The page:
We have an incredible network that we can bring to bear to help us vet ideas and technologies to help us become important first customers for these ideas and technologies, to help us form strategic relationships, to potentially come and run these companies or be part of executive teams in these companies. And so, we’re using all the assets that we have and that we’ve developed over 20 plus year operating careers, and that accrues to the benefit of our companies and ultimately, of course, to our investors.

Andrew: How do you get to know the new entrepreneurs in the Boston community?

Maria: A couple of things. One, we’ve been around now on the scene for five or six years. I’m really proud of the reputation that we’ve developed. Entrepreneurs today are so much more sophisticated about picking their VCs and their venture partners than they ever were, certainly when I was taking money. And they have great mechanisms with which to share that information.

There’s a site called The Funded where entrepreneurs talk to each other, and they rate their experiences with VCs. This is unheard of, and we’re exceptionally highly rated on sites like that. And we have a very good reputation because when people come in here they know that there’s a slim chance that they’re going to walk out with money, but what they’re also looking for is advice, some respect.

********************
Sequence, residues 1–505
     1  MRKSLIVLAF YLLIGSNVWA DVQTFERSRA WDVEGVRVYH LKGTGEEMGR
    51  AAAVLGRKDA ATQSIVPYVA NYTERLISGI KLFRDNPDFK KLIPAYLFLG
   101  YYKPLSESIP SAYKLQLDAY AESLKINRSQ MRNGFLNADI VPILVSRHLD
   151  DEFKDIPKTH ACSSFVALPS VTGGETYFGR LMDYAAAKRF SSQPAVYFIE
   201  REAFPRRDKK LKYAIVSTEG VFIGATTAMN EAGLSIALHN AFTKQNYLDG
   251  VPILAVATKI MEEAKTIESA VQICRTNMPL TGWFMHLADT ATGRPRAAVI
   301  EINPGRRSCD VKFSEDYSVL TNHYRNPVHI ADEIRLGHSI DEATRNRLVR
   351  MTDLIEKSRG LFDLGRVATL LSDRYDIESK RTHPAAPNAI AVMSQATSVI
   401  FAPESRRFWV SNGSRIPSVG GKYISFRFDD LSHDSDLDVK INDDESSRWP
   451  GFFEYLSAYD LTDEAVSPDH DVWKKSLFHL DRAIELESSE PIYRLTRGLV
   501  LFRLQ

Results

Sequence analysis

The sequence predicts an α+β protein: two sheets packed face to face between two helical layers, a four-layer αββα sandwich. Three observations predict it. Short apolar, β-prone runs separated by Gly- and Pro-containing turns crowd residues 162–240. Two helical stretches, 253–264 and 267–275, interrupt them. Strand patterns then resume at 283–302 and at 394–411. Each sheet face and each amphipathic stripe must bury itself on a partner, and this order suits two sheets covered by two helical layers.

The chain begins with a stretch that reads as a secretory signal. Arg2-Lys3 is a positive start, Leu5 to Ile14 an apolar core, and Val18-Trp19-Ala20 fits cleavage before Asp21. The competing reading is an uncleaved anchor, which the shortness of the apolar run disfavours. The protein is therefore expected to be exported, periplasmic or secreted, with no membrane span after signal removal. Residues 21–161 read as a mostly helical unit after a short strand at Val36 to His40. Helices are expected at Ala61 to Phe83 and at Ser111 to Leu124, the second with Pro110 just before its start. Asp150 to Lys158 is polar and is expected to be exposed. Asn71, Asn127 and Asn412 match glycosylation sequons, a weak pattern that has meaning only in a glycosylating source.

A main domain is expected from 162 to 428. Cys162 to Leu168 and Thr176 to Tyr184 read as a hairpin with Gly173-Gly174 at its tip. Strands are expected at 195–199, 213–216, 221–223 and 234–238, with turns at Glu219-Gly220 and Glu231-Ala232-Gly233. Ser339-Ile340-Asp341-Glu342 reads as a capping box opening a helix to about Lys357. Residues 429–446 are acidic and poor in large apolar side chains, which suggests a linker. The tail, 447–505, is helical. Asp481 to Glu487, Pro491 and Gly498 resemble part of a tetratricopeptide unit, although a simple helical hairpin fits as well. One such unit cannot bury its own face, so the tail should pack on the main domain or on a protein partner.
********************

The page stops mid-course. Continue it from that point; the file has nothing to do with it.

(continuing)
We’re not on our Blackberrys doing the whole meeting or at any part of the meeting. Meetings start on time; meetings end on time. We’re supportive. We’re friendly. We’re approachable, and unfortunately that’s all too rare in this business.

So, we have a lot of people who have come to us because they say, so and so said that he met with you or she met with you six months ago. They had an incredible experience. I’d love to come in and talk with you about my technology, my idea, that sort of thing. And so, that’s probably the biggest one, that’s the biggest area and the one that we’re most pleased with.

And then, it’s the companies we’ve invested in, the entrepreneurs we’ve invested in. They are also a huge lead source for us, and again that’s part of how we rate ourselves. At the end of every year and certainly as we look back on the fund cycle, once the fund cycle has been completed. If we’re doing the right thing by our entrepreneurs and the operating executives that we put into these companies, we’re the first person that they think about when somebody comes to them and says, “I need a recommendation or a referral to a VC”.